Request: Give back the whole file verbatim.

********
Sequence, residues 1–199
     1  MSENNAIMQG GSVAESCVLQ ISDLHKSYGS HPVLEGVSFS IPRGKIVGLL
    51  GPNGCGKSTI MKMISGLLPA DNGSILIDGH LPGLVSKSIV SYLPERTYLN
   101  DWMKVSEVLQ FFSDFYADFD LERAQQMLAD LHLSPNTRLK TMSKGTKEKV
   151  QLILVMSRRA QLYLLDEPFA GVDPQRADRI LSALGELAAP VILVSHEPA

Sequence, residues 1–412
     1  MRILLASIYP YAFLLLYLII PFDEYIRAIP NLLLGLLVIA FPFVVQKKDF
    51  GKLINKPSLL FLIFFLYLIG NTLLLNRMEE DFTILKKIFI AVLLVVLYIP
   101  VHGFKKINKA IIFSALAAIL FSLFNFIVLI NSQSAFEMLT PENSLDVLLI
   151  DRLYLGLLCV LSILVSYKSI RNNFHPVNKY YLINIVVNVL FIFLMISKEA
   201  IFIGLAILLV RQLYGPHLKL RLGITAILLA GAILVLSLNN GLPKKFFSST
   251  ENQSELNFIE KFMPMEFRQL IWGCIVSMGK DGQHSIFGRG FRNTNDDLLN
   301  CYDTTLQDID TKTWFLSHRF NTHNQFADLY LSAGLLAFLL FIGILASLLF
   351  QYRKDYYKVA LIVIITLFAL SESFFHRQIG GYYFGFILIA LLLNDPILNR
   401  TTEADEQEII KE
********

Sequence, residues 1–199
     1  MSENNAIMQG GSVAESCVLQ ISDLHKSYGS HPVLEGVSFS IPRGKIVGLL
    51  GPNGCGKSTI MKMISGLLPA DNGSILIDGH LPGLVSKSIV SYLPERTYLN
   101  DWMKVSEVLQ FFSDFYADFD LERAQQMLAD LHLSPNTRLK TMSKGTKEKV
   151  QLILVMSRRA QLYLLDEPFA GVDPQRADRI LSALGELAAP VILVSHEPA

Sequence, residues 1–412
     1  MRILLASIYP YAFLLLYLII PFDEYIRAIP NLLLGLLVIA FPFVVQKKDF
    51  GKLINKPSLL FLIFFLYLIG NTLLLNRMEE DFTILKKIFI AVLLVVLYIP
   101  VHGFKKINKA IIFSALAAIL FSLFNFIVLI NSQSAFEMLT PENSLDVLLI
   151  DRLYLGLLCV LSILVSYKSI RNNFHPVNKY YLINIVVNVL FIFLMISKEA
   201  IFIGLAILLV RQLYGPHLKL RLGITAILLA GAILVLSLNN GLPKKFFSST
   251  ENQSELNFIE KFMPMEFRQL IWGCIVSMGK DGQHSIFGRG FRNTNDDLLN
   301  CYDTTLQDID TKTWFLSHRF NTHNQFADLY LSAGLLAFLL FIGILASLLF
   351  QYRKDYYKVA LIVIITLFAL SESFFHRQIG GYYFGFILIA LLLNDPILNR
   401  TTEADEQEII KE